The Antenna Metrology Group of the National Institute of Standards and Technology (NIST) has recently developed and implemented measurement procedures to diagnose faults on a flat phased-array antenna. First, the antenna was measured on the NISTplanar near-field (PNF) range, taking measurements on a plane where the multiple reflections between the probe and the antenna under test are minimized. This is important since the PNF method does not directly allow for these reflections. Then, the NIST PNF software which incorporates the fast Fourier transform (FFT) was used to determine the antenna’s gain and pattern and to evaluate the antenna’s performance. Next, the inverse FFT was used to calculate the fields at the aperture lane. By using this technique, errors in the aperture fields due to multiple reflections can be avoided. By analyzing this aperture plane data through the use of detailed amplitude and phase contour plots, faults in the antenna were located and corrected. The PNF theory and utilization of the inverse FFT will briefly be discussed and results shown.

Arc range test facility
P.R. Franchi (Rome Laboratory),H. Tobin (Rome Laboratory), November 1991

Problems exist with the measurement of large aperture antennas due to the far field requirement. This paper discussed a new method to measure a phased array at about 1/10 the normal far field. The basic idea involves focusing the test array at probe antenna a distance R away from the aperture. In the described measurement technique the probe antenna is placed on an arm that rotates 100º on the focal arc given by Rcos(?). This arc minimizes defocusing due to phase aberrations. To minimize the amplitude errors, the pattern of the probe antenna is carefully matched in order to compensate for the 1/R variation induced amplitude error. The application of this technique will enable arrays to be measured in anechoic chambers, allowing convenient classified testing, while avoiding the effects of weather, and will reduce the risks inherent in the high power testing on transmit. The results of a computer simulation is presented that characterizes the validity and limitations of the technique.

Application of beam space techniques to phased array calibration and fault compensation
H.M. Aumann (Massachusetts Institute of Technology),F.G. Willwerth (Massachusetts Institute of Technology), November 1991

Beamspace techniques are usually employed to synthesize phased array antenna patterns of arbitrary shape. In this paper a beamspace method is used to calibrate the pattern of a 32-element linear array with a conventional array taper. By measuring the antenna pattern in specific directions the beamspace technique permits the actually applied excitation function to be determined with little mathematical effort. Iterative corrections can then be made to the excitation function to maintain low sidelobe performance, or to compensate for element failures. Since local corrections to the array pattern result in global changes to the excitation function, explicit knowledge of where an element failure has occurred is not required. The beamspace analysis was carried out using antenna patterns obtained by electronically scanning the array past a far-field source. Such pattern measurements offer the possibility of maintaining phased array performance in an operational environment.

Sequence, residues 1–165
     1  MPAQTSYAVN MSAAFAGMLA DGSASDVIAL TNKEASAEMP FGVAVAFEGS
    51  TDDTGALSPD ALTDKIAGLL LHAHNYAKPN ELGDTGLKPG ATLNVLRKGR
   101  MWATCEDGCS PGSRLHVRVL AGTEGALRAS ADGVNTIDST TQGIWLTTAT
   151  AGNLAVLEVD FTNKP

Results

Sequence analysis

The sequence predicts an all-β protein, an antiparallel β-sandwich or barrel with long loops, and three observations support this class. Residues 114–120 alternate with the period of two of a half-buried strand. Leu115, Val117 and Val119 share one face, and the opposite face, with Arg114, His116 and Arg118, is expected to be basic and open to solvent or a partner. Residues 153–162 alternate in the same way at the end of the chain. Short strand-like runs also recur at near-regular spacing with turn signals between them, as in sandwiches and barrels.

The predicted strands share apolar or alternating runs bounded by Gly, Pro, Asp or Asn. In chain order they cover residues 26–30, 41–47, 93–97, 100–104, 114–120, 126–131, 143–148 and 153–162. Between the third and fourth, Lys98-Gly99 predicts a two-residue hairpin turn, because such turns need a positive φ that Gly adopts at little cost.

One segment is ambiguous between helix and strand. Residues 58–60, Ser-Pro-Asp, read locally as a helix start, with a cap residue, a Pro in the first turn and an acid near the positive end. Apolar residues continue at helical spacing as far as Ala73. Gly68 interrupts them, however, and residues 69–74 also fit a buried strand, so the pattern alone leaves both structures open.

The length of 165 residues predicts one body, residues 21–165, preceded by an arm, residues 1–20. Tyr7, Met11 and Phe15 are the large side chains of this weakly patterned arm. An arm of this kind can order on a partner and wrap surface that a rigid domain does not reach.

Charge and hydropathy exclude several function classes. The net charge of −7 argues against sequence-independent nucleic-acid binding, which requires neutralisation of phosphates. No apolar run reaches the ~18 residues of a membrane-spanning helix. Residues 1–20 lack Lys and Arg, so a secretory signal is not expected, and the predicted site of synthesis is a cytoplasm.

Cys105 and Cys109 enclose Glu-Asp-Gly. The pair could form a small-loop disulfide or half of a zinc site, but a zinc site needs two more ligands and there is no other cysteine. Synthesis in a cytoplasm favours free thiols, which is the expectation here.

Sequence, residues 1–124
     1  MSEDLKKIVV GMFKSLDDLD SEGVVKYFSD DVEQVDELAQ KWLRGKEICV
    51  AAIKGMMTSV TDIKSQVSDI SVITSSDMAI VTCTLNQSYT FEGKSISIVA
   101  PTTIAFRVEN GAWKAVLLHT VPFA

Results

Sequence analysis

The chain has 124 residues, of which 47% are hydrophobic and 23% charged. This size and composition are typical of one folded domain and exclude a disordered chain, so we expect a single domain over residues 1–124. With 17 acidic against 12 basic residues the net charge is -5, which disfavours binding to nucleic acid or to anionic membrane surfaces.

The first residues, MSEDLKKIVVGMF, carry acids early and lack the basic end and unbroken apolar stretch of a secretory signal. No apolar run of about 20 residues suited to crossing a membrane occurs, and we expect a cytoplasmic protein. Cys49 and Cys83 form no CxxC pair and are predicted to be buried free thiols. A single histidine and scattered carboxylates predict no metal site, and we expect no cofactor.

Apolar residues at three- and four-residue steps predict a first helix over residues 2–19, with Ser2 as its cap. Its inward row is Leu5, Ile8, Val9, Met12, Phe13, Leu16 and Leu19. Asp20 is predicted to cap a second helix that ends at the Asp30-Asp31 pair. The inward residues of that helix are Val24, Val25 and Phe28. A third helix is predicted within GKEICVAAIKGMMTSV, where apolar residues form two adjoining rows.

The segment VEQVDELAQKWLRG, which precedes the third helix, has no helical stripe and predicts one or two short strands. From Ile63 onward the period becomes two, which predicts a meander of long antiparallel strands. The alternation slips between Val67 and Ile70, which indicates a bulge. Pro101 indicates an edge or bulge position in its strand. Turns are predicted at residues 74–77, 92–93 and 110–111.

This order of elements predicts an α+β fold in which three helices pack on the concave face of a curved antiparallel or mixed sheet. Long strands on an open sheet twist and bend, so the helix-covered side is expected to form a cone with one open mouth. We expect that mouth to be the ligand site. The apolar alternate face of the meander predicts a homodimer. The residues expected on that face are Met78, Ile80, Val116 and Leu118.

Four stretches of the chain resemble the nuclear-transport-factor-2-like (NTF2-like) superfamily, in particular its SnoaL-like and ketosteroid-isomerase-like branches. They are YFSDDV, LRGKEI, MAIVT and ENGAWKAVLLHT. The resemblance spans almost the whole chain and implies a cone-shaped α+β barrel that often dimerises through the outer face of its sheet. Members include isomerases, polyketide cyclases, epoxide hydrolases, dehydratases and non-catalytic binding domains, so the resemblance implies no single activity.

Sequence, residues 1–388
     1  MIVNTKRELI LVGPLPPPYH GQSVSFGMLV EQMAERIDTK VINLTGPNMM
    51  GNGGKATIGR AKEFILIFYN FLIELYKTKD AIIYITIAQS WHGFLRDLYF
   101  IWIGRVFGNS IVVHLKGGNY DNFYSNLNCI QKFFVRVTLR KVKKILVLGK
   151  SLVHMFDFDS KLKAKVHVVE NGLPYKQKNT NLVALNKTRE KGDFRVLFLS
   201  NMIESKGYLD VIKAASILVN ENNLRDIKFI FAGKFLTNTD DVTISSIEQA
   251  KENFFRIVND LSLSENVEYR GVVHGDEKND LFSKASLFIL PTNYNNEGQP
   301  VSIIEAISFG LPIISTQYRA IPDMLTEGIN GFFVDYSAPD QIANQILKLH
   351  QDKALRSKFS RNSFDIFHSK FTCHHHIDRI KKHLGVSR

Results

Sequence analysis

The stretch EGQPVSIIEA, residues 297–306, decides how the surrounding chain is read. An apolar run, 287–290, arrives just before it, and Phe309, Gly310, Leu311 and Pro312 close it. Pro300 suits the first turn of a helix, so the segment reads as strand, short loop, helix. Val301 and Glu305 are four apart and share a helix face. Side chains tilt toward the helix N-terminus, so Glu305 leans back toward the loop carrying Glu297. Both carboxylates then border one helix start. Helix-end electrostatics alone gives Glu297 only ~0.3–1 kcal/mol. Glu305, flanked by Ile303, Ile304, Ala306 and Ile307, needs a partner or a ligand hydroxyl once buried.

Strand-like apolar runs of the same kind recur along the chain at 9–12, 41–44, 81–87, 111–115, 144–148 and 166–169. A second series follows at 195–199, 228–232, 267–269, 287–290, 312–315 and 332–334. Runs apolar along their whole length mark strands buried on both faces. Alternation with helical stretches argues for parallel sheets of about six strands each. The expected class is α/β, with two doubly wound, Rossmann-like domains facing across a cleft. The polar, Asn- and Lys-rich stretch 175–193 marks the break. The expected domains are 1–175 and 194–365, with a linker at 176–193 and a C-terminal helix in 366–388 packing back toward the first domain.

Performance measurements of an active aperture phased array antenna
L.D. Poles (Rome Laboratory),E. Martin (Rome Laboratory), J. Kenney (Rome Laboratory), November 1991

Transmit – receive modules (T/R) utilizing GaAs monolithic microwave integrated circuit (MMIC) technology for amplifiers, attenuators, and phase shifters are becoming integral components for a new generation of radars. These components, when used in the aperture of a low sidelobe electronically steerable antennas, require careful alignment and calibration at multiple stages along the RF signal path. This paper describes the calibration technique used to measure the performance of an active aperture 64 element S-band phased array antenna that employs T/R modules at every element. RF component performance and phased array sidelobe characeristics are presented and discussed.

G/T measurement technique for low directivity wide beam antennas
R.P. Heon (Texas Instruments),S. Sanzgiri (Texas Instruments), November 1990

The end-to-end G/T performance of an antenna system has typically been measured using celestial bodies. The technique requires high G/T performance ( 10 dB/K) to obtain accuracies of 0.5 dB. In addition, the measurement is dependent on several atmospheric and environmental conditions. This paper describes a technique for measuring the G/T performance of a low directivity, wide beamwidth antenna. The discussion details the measurements, extrapolation technique to demonstrate performance at specified atmospheric conditions, measurement uncertainties, and test results. This new G/T measurement technique offers advantages over the existing technologies. Measurements are limited to the output port of the antenna so as to include all interactions between components within the system. This allows for accurate characterization of phased array performances. In addition, testing can be performed on indoor antenna ranges under environmentally controlled conditions.